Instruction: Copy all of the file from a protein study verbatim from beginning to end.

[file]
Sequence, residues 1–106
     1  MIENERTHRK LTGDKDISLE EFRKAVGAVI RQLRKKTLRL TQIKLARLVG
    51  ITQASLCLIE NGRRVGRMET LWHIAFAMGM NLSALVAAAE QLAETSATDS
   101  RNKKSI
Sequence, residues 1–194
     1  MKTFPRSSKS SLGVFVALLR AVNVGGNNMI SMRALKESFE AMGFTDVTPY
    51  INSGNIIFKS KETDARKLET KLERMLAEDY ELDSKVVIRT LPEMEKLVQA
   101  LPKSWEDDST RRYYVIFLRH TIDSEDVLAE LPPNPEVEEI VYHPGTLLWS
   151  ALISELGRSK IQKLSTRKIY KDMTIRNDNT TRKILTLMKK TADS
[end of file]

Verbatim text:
Sequence, residues 1–106
     1  MIENERTHRK LTGDKDISLE EFRKAVGAVI RQLRKKTLRL TQIKLARLVG
    51  ITQASLCLIE NGRRVGRMET LWHIAFAMGM NLSALVAAAE QLAETSATDS
   101  RNKKSI
Sequence, residues 1–194
     1  MKTFPRSSKS SLGVFVALLR AVNVGGNNMI SMRALKESFE AMGFTDVTPY
    51  INSGNIIFKS KETDARKLET KLERMLAEDY ELDSKVVIRT LPEMEKLVQA
   101  LPKSWEDDST RRYYVIFLRH TIDSEDVLAE LPPNPEVEEI VYHPGTLLWS
   151  ALISELGRSK IQKLSTRKIY KDMTIRNDNT TRKILTLMKK TADS